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Montgomery County Fire Station 11 / EMS Squad 355

Area and Programs

Located in the corner of Montgomery County (PA.), beside the northeast border of Philadelphia, independent Bryn Athyn Borough (population 1100) was first settled by members of the Church of the New Jerusalem. Among them was John Pitcairn, founder of Pittsburgh Plate Glass (now PPG Industries). As a result of its unique history the town now houses one of the world's finest private stained glass collections at the Glencairn Museum, a medieval-styled cathedral, several castle-size mansions, a high school (the Academy of the New Church), and Bryn Athyn College. Together with many single family dwellings and a business park, these facilities comprise the Bryn Athyn Fire Company's (BAFC) primary fire protection district.

In addition to fire coverage for Bryn Athyn Borough, BAFC also provides Basic Life Support ambulance services to Bryn Athyn and the surrounding township of Lower Moreland (population 20,000). As part of this commitment BAFC engages in numerous public outreach and education endeavors. We believe that injury prevention and public health promotion are the best ways to prevent unnecessary injury and death in our community. Overt the last year BAFC offered various first aid and safety classes free of charge to community groups such as the Boy Scouts, posted regular safety messages in the local newspaper, and visited local schools to promote child safety. Our company has an ongoing smoke detector program that provides free advice, detectors, or batteries to those in need and annually hosts a fire prevention or safety oriented open house. Each summer BAFC offers teens a one-week emergency services summer camp session through the Academy of the New Church. Additionally, the fire company offers regular assistance to local police departments through our provision of lighting and medical/safety personnel at weekly DUI check points. It is our hope that our support of this proactive police endeavor will help reduce the number of roadway injuries.

Integration of Emergency Services

Believing in an integration of the emergency services to provide the highest level of service to our communities, BAFC actively promotes the training of its members as both firefighters and emergency medical providers. One of the few joint fire and ambulance operations in the county, BAFC uses its medical and fire resources together as much as possible to provide the highest level of service possible. This is especially useful for incidents such as vehicle accidents, where an Engine and Special Service unit can support ambulance operations by providing fire protection, lighting, fluid cleanup, and additional personnel to make lifting and moving as easy as possible on the patient. Additionally, our ambulances respond to every fire scene to provide immediate first aid to victims as well s fireground rehab for firefighters.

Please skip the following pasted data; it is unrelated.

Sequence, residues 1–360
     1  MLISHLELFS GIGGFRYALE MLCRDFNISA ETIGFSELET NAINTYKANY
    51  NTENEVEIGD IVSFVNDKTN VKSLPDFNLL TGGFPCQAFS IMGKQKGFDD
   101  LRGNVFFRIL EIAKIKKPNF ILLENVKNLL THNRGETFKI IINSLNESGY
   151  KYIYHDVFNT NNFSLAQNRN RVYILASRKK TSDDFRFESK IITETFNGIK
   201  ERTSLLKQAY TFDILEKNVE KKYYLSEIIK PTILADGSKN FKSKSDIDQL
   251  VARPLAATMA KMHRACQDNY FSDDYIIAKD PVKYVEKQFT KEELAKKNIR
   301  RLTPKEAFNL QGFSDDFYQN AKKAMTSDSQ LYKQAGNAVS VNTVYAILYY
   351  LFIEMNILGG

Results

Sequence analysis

Mutual Aid – Fire, Ambulance, and Police

The Bryn Athyn Fire Company strongly believes in answering any call for help, including those from other public agencies. Over the years BAFC has developed numerous mutual aid agreements, the most extensive of which is with our sister department, the Huntingdon Valley Fire Company (Montgomery station 8) of Lower Moreland. In addition to Lower Moreland the company is regularly assigned to box alarm assignments in Southampton and Feasterville (Bucks County stations 2 and 1), as well as working fires in Willow Grove (10), Hatboro (95), and Rockledge (9) as the Firefighter Assist and Search Team.

The company's ambulances are also involved heavily in the mutual aid system and provide coverage during busy times to Abington, Willow Grove, Cheltenham, and occasionally, Bucks County. We regularly receive mutual aid from the Second Alarmers Rescue Squad (353) and infrequent ambulance mutual aid is received from Cheltenham (358) and Bucks County squads.

Additionally, BAFC is available to local police agencies 24 hours a day for assistance with problems such as minor roadway spills, small tree limb removal, and emergency lighting, and is a participating agency in the Eastern Montgomery County DUI Task Force, providing lighting and safety services to 8 different Police Departments. In turn, BAFC receives mutual aid from the Bryn Athyn or Lower Moreland police departments on every call. Often arriving ahead of ambulance and fire crews, the police assist through such actions as providing lifesaving CPR interventions using Automatic External Defibrillators or the evacuation of houses around a fire building.